Photo:
Weird History

How To Survive A Castle Siege

No two castles were alike during the Middle Ages, and no two castle sieges were the same. The great stone structures we often associate with the medieval era were built to keep fiefdoms safe from constant conflict. Life in a medieval castle offered a fair amount of protection and stability, but since siege machines kept getting progressively more powerful, castle walls couldn't always keep the inhabitants safe. Castles during the early Middle Ages were made mostly of earth and wood, making them particularly susceptible to fire. With the increased use of stone later in the era, medieval siege technology became increasingly fierce, while the development of more devastating siege engines like the trebuchet added to the terror and destruction.

There were other risks - starvation, disease, espionage, and exhaustion could result in surrender or defeat. But there were steps one could take to pull through. Whether hunkered down in a safe corner of the castle or besting your enemy at their own game, there were options for surviving a medieval siege.

Photo:
  • Throw Rotten Food And Other Detritus At Your Enemy
    Photo: Anonymous / Wikimedia Commons / Public Domain

    Throw Rotten Food And Other Detritus At Your Enemy

    There were many items and materials one could hurl at their enemy, including the traditional hot water or oil. But through the days, weeks, or months under siege, all kinds of possibilities presented themselves: animal cadavers, rotting food, human waste. Everything was fair game.

    There are several recorded instances of biological warfare being carried out, and the tactic could definitely be used by both sides. In 1340, the enemy catapulted horses cadavers into Thun L'Eveque castle at Hainault and forced the inhabitants of the castle to surrender. 

    At Caffa in 1346, the Tartars' army hurled diseased bodies - likely those with bubonic plague - at a Genoese fortress. Just a decade earlier, in 1332, a group at Strasbourg flung barrels full of bodies and trash into Schwanau in Germany. In 1422, attackers at Karlstein in Bohemia threw their fallen and animal feces.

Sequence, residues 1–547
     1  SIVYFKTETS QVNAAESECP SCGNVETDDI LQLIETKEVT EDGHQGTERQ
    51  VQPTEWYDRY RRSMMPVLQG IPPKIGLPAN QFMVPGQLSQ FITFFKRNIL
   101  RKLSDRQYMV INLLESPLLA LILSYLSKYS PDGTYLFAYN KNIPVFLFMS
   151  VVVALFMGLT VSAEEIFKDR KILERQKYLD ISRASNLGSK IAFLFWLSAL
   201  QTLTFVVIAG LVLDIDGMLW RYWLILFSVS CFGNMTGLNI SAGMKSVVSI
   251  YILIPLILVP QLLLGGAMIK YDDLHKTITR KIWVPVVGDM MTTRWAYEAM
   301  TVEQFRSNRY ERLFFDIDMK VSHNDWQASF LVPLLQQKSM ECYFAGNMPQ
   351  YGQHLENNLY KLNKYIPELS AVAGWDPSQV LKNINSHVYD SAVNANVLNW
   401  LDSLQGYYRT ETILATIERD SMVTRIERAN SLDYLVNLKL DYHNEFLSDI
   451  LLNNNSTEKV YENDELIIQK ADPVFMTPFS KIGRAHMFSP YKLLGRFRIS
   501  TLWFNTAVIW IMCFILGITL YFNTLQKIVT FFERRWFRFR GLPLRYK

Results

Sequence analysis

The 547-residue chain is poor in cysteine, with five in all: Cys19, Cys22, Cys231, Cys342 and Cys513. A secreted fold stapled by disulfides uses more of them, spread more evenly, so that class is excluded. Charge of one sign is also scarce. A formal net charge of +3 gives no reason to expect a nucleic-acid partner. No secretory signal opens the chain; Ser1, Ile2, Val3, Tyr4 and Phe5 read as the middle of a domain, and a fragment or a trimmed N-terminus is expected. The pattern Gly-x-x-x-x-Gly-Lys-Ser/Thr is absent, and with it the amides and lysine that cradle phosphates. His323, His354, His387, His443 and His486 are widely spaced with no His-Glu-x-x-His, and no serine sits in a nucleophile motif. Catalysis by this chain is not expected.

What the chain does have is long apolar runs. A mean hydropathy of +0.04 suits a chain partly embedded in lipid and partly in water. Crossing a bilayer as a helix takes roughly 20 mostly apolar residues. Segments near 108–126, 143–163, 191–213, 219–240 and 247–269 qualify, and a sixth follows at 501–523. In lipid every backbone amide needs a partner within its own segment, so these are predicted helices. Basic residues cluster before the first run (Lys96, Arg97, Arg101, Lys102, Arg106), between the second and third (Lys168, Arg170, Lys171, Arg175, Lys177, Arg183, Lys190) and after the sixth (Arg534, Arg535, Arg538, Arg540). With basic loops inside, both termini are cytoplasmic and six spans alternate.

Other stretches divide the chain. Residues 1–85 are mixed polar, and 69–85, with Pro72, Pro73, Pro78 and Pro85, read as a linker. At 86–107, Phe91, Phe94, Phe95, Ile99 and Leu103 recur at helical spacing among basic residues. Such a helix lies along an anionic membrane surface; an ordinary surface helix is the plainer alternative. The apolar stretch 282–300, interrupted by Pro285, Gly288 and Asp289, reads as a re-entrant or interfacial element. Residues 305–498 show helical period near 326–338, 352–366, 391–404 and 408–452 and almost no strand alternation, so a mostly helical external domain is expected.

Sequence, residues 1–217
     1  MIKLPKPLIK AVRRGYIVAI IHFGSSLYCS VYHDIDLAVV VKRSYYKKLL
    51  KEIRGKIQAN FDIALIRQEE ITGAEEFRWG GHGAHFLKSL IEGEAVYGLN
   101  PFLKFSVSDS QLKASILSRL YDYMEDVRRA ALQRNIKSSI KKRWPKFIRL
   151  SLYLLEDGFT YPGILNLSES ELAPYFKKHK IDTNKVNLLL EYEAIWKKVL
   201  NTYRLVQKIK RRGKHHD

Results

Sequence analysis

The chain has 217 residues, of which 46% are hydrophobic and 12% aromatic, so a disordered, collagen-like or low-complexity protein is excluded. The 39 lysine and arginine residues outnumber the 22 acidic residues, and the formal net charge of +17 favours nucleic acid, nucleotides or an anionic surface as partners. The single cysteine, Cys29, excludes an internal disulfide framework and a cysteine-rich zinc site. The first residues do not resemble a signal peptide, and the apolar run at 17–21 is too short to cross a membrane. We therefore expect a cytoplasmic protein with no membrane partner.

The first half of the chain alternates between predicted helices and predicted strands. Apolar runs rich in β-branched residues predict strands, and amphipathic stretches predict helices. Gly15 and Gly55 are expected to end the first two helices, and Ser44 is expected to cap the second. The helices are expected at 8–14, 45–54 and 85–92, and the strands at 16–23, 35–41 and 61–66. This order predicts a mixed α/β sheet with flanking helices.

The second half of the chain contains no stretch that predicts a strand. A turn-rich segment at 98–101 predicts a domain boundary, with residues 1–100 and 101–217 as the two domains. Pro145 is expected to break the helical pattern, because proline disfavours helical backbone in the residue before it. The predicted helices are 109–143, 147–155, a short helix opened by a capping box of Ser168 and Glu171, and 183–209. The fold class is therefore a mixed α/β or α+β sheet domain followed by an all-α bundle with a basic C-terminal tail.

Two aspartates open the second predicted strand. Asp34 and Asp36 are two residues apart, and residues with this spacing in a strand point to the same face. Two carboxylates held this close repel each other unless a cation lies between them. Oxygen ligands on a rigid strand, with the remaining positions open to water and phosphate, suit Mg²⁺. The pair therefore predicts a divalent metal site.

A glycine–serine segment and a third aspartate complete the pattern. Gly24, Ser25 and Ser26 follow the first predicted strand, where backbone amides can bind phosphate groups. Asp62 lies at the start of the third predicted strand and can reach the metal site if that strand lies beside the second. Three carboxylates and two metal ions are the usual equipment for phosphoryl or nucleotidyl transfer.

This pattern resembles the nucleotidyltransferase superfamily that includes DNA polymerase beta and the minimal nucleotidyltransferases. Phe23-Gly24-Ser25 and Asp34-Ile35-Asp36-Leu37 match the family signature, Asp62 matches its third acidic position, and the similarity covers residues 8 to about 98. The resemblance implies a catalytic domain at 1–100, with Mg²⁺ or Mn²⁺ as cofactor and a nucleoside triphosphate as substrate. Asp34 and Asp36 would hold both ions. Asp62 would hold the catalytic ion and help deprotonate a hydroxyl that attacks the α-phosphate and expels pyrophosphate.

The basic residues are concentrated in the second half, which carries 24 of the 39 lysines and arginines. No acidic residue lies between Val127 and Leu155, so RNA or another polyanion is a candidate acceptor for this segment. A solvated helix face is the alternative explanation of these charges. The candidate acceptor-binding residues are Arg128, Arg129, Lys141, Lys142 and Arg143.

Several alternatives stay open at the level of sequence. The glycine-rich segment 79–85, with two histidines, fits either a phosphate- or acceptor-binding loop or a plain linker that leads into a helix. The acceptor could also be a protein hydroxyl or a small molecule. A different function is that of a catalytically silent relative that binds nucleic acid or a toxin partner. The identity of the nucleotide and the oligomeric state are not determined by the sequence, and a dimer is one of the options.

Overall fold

• Pour Hot Liquid On Your Enemies
    Photo: Bibliothèque nationale de France / Wikimedia Commons / Public Domain

    Pour Hot Liquid On Your Enemies

    If you're stuck in a castle that's under siege, one options is to heat up whatever you have on hand and drop it down on to the foe below. There are accounts of besieged individuals using hot oil, even though it was an expensive commodity at the time. Other options included boiling water, hot rocks, heated sand, or pitch (tar).

    In his 6th-century work History of the Franks, Gregory of Tours wrote of a citadel commanded by Merovingian king Gundovald besieged by King of Burgundy Guntram and Leudegisel. On the 15th day of the siege, Leudegisel used battering rams to breach the citadel walls. In response, the defenders "threw upon them pots of burning pitch and fat and hurled jars full of stones down on them." Many of the enemies that day perished.

    Many castles had machicolations from which individuals could drop or pour anything and everything to keep foes at bay. 

  • Make Sure You Have Plenty Of Supplies Before The Siege Begins
    Photo: Biblotheque Municipale de Lyon / Wikimedia Commons / Public Domain

    Make Sure You Have Plenty Of Supplies Before The Siege Begins

    One of the biggest problems with a siege, especially an extended one, was having sufficient supplies. Enemies would engage in a campaign of attrition, cutting off supply lines and bombarding castles with siege engines until inhabitants had no other choice but to surrender.

    Being well prepared, however, was a way castle-goers could actually one-up their opponent. Before the age of professional armies, troops engaged during the fighting season and often had to return home after their period of time in service to a lord ended. This could end the siege before provisions ran out. 

    Surviving until the enemy gave up wasn't always the goal. At Orleans during the Hundred Years' War, inhabitants survived a siege from October 1428 to May 1429. The siege only ended when Joan of Arc arrived with supplies and reinforcements for those trapped inside the castle walls. 

    Another option was to keep supplies out of the hands of the enemies. As castle-dwellers prepared for a siege, it was common to eliminate resources within proximity to keep enemies from salvaging any food or materials. 

  • Take Out The Enemy's Offense
    Photo: Bibliothèque nationale de France / Wikimedia Commons / Public Domain

    Take Out The Enemy's Offense

    One of the best ways to counter an enemy force was to take down the siege engines. As forces began to scale castle walls, it was essential to find ways to get them off siege towers or ladders. Sometimes, defenders would let several soldiers mount a ladder and then push it away from the wall into a moat or onto the ground. 

    In other cases, using Greek Fire on towers and ladders was the better option. At Tyre in 1111, one of the two large siege towers built by Crusaders was wiped out using the mysterious incendiary material. When the Crusaders tried to take the other tower up to the wall, the defenders managed to set it on fire as well.